From reports of new fish species turning up in Tasmania’s waters to changing bird distributions across northern and eastern Australia, plants and animals are on the move as the places they once called home become inhospitable due to a changing climate. But what happens when species can’t walk, fly or swim to pastures new?
In two isolated pockets in the South Arm region just out of Hobart, there’s a species of eucalypt unique to Tasmania that is hanging on by the slimmest of margins. Morrisby’s gum, one of Australia’s most threatened eucalypt species, is facing a barrage of threats including increasingly dry conditions, low genetic diversity, a small population of adult trees and excessive browsing by mammals and regular attack by pest insect. From a population of around 2,000 mature trees in 2006, there are fewer than 50 adult trees remaining today.
Over several years, a strong partnership between NRM South and Enviro-Dynamics has delivered key actions to protect, manage and restore Morrisby’s gum in southern Tasmania. NRM South and Enviro-Dynamics have been working with partners through an Australian Government-funded project to protect these plants from browsing, protect established seed orchards, increase genetic connectivity of remnant patches, and improve the overall genetic diversity of the seed bank.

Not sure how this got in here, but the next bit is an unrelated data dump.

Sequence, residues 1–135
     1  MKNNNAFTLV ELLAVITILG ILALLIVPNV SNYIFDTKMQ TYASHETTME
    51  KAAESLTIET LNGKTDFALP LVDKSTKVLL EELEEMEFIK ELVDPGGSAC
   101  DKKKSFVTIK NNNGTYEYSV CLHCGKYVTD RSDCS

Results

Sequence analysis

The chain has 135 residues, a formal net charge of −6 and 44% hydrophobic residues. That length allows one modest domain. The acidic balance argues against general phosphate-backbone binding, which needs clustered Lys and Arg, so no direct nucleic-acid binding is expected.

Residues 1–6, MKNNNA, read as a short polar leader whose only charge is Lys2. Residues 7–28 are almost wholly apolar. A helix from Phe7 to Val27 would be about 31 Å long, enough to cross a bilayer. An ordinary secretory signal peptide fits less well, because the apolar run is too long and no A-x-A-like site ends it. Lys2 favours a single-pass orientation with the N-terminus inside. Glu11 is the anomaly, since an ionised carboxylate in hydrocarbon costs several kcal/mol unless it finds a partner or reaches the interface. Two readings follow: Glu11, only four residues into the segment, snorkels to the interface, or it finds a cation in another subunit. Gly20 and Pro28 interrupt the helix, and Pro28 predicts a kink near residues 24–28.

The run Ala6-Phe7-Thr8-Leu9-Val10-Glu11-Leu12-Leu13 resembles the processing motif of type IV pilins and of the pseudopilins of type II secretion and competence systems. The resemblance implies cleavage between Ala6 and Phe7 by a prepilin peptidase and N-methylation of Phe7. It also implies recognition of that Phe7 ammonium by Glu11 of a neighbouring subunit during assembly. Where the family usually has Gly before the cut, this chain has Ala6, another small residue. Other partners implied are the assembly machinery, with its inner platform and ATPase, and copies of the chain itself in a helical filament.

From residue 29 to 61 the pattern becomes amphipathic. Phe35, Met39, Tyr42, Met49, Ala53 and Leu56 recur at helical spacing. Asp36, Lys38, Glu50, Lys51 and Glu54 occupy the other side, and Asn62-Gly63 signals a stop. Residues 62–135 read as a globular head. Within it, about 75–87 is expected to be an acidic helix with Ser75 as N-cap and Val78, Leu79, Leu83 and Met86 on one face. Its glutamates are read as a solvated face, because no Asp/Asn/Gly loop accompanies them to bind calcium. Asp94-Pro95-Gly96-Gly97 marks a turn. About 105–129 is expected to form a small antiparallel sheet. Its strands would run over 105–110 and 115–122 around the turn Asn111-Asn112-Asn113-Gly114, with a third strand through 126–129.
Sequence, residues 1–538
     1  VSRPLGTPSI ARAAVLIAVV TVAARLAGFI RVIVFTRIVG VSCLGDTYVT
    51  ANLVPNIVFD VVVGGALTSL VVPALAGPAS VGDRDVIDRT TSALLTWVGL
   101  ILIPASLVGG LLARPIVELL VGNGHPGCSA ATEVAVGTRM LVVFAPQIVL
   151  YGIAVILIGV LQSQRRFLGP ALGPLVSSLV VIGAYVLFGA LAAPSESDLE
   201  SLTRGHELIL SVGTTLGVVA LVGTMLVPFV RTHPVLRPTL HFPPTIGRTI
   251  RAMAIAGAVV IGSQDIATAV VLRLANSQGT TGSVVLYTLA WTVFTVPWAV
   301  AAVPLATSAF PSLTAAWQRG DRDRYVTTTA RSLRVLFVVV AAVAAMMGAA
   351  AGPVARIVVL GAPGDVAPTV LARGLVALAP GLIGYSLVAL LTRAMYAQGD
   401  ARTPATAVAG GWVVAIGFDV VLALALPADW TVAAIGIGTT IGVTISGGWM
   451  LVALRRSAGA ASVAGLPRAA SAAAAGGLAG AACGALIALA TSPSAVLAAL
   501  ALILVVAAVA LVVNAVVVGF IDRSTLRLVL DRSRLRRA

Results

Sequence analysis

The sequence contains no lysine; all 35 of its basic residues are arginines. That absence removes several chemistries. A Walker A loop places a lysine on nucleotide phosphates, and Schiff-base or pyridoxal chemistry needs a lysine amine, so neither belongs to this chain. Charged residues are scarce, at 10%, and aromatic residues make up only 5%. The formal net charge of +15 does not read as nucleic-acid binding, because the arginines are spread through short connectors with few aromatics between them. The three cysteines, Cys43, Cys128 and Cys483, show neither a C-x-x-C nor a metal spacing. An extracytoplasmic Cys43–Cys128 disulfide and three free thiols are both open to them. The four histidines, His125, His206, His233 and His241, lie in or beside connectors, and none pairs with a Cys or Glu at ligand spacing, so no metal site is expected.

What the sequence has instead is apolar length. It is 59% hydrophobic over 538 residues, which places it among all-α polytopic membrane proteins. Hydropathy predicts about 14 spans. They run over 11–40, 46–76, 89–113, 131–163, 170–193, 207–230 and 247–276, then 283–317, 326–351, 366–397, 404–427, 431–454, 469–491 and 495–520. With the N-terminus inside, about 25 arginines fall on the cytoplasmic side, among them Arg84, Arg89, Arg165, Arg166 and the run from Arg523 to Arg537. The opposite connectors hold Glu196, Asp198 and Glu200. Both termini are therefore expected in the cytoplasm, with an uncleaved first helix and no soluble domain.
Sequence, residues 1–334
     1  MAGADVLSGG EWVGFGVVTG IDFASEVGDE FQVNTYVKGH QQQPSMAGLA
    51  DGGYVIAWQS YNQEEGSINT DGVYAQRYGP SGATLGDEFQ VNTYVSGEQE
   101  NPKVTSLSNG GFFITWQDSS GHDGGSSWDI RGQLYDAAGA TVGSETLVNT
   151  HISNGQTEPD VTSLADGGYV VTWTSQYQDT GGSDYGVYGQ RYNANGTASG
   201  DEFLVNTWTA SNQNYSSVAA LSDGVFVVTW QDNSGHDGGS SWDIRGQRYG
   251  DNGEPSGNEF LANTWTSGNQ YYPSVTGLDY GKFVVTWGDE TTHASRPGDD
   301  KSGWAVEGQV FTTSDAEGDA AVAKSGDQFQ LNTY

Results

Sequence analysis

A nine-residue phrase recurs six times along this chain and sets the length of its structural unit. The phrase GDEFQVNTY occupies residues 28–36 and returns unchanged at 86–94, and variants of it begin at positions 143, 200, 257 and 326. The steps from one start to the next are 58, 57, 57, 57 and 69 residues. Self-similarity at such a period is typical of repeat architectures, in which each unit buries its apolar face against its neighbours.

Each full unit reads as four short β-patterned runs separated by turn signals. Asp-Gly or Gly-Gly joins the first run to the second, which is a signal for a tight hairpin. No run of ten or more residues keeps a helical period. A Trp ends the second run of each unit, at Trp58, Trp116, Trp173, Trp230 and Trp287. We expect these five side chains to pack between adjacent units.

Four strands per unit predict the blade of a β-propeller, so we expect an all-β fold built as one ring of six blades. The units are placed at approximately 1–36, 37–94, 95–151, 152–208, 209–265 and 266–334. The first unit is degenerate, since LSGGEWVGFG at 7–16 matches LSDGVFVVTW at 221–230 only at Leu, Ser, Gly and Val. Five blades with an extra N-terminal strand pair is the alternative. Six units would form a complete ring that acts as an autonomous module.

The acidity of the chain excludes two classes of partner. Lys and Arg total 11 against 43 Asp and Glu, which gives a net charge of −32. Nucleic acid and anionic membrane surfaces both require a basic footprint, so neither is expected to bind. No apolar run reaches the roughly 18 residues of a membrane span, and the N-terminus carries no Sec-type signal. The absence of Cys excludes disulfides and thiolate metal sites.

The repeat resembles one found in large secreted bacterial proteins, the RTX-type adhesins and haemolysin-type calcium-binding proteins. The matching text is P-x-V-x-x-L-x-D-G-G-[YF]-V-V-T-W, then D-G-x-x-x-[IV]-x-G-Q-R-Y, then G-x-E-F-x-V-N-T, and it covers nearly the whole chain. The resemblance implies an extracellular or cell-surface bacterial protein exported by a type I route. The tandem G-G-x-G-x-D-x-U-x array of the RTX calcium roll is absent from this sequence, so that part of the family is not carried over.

However, there’s one threat that existing stands of Morrisby’s gum can’t be protected from – the increasingly warmer and drier conditions affecting their once-ideal habitat. With such rapid and significant impacts to the remaining population, natural migration is no longer possible. It is now only through direct intervention that this threatened eucalypt has any hope of survival.
Sophie Golding, a Senior Project Officer with NRM South, explained how this aspect of the project was being developed; ‘Researchers at the University of Tasmania came up with a model to identify the species’ future climate range and four sites within this range have been selected to establish new plantings. We’ll be working with Enviro-Dynamics and the University of Tasmania to plant 3,240 Morrisby’s gum seedlings at these sites over the next few months alongside a few other plant species that they would naturally grow alongside’.
With University of Tasmania researchers and students monitoring these new conservation plantings for years to come, this work will help improve prospects for the species, and increase knowledge on effective assisted migration of eucalypt species more broadly.
This project is supported by NRM South through funding from the Australian Government.